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The high court was hearing a petition filed by a doctor who was denied entry to his Doctor of Medicine entrance examination for failing to present his permanent registration certificate
The Bombay High Court recently noted that instances of candidates engaging in malpractices during examinations remind the high court of the movie 'Munnabhai MBBS'.
“It does not require any debate that as a result of technological advancement and development, there are instances when students have resorted to various methods/tactics of manufacturing admit cards, identity cards, hacking websites and carrying air-pods or electronic earbuds in the examination hall, in order to resort to malpractices in the examinations. We are reminded of the movie 'Munnabhai MBBS', and it would not be too much to say that there are several candidates who resort to such practices. There are instances when the results of the NEET-UG and PG exams are hacked by hackers, results are manufactured and higher scores in the examination results are published on such fictitious websites,” the bench observed.
The division bench of the high court comprising Justice Ravindra Ghuge and YG Khobragade was hearing a petition filed by a doctor who was denied entry to his Doctor of Medicine entrance examination for failing to present his permanent registration certificate.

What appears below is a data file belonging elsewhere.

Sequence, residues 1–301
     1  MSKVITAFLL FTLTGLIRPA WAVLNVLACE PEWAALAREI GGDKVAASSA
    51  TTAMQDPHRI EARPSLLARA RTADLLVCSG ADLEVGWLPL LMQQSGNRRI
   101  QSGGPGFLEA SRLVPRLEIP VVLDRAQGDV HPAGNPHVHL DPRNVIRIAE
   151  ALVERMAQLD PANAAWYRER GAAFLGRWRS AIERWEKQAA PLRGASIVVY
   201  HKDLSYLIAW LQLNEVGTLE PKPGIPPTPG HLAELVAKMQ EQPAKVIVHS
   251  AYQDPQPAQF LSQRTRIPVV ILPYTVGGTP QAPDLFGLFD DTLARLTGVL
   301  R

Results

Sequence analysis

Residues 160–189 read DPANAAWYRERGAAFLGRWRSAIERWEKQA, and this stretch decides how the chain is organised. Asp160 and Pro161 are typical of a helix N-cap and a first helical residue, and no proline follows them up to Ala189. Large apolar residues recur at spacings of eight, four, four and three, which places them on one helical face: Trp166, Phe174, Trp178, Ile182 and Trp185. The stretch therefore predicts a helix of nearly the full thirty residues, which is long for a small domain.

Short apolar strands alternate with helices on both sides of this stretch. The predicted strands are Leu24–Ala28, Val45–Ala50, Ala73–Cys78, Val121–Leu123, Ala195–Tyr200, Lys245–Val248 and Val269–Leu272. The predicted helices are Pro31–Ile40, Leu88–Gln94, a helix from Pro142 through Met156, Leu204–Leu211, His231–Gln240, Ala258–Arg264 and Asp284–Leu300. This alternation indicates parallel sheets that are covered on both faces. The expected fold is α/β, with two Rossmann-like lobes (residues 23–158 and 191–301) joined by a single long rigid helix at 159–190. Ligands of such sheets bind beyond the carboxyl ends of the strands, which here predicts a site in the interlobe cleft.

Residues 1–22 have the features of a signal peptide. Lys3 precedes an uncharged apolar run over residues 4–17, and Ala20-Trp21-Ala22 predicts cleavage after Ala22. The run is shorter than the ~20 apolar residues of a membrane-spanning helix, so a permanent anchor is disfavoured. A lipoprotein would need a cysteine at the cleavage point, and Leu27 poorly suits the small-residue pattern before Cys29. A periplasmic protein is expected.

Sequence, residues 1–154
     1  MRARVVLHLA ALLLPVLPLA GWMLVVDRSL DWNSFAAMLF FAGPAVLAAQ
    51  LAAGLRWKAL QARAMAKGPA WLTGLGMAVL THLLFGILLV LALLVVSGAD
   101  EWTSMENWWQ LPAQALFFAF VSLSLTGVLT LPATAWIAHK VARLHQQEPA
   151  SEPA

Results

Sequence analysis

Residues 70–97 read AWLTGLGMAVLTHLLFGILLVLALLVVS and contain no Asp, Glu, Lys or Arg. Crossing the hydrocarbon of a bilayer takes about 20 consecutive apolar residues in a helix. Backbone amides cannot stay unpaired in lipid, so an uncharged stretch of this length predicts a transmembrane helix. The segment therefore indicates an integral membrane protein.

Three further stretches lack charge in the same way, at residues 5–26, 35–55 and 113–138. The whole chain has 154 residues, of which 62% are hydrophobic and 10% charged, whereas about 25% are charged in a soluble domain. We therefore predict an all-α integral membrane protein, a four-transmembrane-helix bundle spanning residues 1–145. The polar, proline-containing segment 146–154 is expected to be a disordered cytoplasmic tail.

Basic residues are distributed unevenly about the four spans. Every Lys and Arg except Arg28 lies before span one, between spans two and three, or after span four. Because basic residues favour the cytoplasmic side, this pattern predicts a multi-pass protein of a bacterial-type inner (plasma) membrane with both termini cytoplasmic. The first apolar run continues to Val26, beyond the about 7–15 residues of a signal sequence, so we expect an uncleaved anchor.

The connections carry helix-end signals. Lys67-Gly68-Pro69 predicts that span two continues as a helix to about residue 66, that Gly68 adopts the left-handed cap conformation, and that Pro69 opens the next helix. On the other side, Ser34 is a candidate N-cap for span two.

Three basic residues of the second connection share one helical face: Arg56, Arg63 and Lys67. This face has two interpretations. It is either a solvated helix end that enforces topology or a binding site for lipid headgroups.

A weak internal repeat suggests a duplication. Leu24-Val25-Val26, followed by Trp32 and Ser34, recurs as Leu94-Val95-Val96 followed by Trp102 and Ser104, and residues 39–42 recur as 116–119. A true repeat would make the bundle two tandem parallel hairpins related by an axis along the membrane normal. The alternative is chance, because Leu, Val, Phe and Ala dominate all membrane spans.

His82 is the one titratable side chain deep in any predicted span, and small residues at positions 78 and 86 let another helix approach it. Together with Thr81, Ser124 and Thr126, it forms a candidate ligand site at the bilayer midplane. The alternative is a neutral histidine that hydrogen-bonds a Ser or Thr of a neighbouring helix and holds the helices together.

The petitioner had informed authorities that he possessed a soft copy of the registration certificate. However, he was barred from taking the mobile containing the soft copy into the exam hall.
He argued that the relevant documents were considered during the approval of the examination form and the issuance of the admit card, meeting the authorities' satisfaction.
He presented proof of his registration with a medical council, which was also uploaded as a document. He also sought a special session for his exam.
The counsel for the National Testing Agency informed the bench that the results had already been declared.
He added that the petitioner, being a senior doctor with over 30 years of experience, was expected to adhere to the specific instructions provided to all candidates regarding the required physical documents for the examination.
The division bench, however, dismissed the petition, noting that if the petitioner had carried the Medical Registration certificate, there would have been no obstacle for him to enter the examination hall.
“Had the Petitioner carried the Medical Registration certificate, there was no embargo for him to enter the examination hall. Therefore, laches cannot attributed to the Respondent authorities and it could only be said that the Petitioner should blame himself for having failed in strictly following the standing instructions for the students. No doubt, he may not have done this deliberately, since he does not derive any advantage,” the court said.
Case title: Dr Shyamsundar vs UOI & Anr.
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